BBC director-general George Entwistle has asked a senior colleague to answer Newsnight journalists' questions on the decision to drop a documentary about Jimmy Savile.
Ken MacQuarrie, director of BBC Scotland, will speak to the journalists about the aborted broadcast after several of them wrote to Entwistle to ask why the film was not aired, a BBC spokesman confirmed last night.
The director-general asked MacQuarrie as he was a "senior member of management" at the BBC, the spokesman added.
The BBC's reputation is increasingly under fire after an avalanche of allegations that the corporation was aware of claims about Savile's actions, but did nothing about them.
David Nicolson, who worked as a director on Jim'll Fix It, claimed to have caught Savile having sex with a girl in his dressing room, but was laughed away when he voiced his concerns, The Sun said.
Grant Shapps, chairman of the Conservative Party, told BBC1's Question Time last night that it "seems unimaginable" that people at the BBC were unaware of the child abuse allegations.
He said: "What happened now appears to be outrageous. It's particularly disturbing that a programme paying tribute, a three-parter, went out just last Christmas after it was already known at senior levels within the BBC that something was wrong, enough to have had a serious Newsnight programme made about it and enough to raise serious concerns.
"I do think there are definitely questions that do need answering."
Shapps backed calls for Savile to be stripped of his knighthood, saying "it can't be right" that he remains a Sir in name following the allegations.
He said: "I would be in favour of the Forfeiture Committee taking a close look at this because it can't be right that somebody apparently keeps the Sir in front of their name when this is the reality of their life."
Fresh claims of sexual abuse have been made against the late TV presenter, following allegations that he preyed on children during hospital visits.
A string of police forces have received complaints and referred them to Scotland Yard, which is leading the investigation.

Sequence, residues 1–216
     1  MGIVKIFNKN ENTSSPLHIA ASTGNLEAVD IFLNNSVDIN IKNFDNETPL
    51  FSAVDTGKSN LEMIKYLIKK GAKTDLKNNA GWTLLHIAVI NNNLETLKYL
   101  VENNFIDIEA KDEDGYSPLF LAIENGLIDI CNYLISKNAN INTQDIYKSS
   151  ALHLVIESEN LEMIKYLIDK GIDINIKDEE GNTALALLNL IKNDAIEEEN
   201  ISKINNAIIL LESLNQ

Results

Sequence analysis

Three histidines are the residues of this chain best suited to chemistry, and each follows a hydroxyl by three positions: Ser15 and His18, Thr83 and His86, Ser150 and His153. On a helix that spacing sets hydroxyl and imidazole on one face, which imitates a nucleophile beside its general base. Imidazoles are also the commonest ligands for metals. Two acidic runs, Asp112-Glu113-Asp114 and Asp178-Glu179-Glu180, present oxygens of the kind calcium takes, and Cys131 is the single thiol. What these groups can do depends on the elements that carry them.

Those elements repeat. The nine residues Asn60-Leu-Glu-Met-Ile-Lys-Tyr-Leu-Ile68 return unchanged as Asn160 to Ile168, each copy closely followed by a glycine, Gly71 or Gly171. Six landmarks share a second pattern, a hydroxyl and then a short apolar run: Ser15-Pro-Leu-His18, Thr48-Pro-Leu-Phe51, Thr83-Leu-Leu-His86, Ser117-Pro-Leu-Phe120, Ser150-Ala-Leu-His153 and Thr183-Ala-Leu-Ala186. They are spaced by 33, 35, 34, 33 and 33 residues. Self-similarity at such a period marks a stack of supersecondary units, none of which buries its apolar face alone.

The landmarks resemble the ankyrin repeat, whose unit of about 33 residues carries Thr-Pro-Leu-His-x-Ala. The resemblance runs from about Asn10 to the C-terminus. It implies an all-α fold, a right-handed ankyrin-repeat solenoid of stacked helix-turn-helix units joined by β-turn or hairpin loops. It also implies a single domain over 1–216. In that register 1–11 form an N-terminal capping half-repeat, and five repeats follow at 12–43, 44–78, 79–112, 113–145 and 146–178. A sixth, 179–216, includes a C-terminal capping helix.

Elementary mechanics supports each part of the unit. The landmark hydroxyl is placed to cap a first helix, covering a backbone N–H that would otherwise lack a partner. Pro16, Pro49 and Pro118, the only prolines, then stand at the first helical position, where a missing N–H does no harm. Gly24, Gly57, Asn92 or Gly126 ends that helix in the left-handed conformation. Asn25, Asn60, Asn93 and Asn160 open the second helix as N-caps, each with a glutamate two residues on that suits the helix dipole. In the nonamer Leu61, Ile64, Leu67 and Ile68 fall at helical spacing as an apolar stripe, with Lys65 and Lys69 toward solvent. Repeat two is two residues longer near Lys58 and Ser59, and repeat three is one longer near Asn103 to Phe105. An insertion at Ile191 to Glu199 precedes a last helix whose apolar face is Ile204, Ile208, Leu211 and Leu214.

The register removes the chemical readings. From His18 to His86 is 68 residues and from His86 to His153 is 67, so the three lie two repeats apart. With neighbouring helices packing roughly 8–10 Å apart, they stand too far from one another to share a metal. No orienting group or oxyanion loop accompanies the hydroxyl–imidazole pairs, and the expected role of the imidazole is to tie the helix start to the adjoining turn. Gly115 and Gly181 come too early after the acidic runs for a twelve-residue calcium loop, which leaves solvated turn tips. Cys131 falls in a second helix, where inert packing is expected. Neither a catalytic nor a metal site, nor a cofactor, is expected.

Greater Manchester, Lancashire, North Yorkshire and Tayside are the latest forces to say allegations have been made.
A woman told Greater Manchester Police of a sexual relationship she had with Savile from the age of 15, while a second said she was groped by him in Salford when she was under 16.
Another woman told Tayside Police she was targeted in the Liverpool area, an alleged victim told North Yorkshire Police she was preyed on by Savile in Scarborough in the 1980s, and two women complained to Lancashire Police about incidents when one was 14, in the 1960s, and the other 15, in the 1980s.
Claims have also emerged that Savile groped young patients at Stoke Mandeville Hospital in Buckinghamshire, where he worked as a volunteer fundraiser, while one woman alleged that she saw him molest a brain-damaged hospital patient at Leeds General Hospital.
Police believe Savile could have abused as many as 25 victims over a period of 40 years, and have so far formally recorded a number of criminal allegations including rape and indecent assault.
The raft of allegations against Savile has been branded a "cesspit" by BBC Trust chairman Lord Patten who pledged to hold an independent inquiry as swiftly as possible after the police investigation.
As more allegations emerged, Savile's headstone was removed from his grave in Scarborough because his family said they wanted to pay "respect to public opinion". The Savile Hall conference venue in his home city Leeds will also be renamed.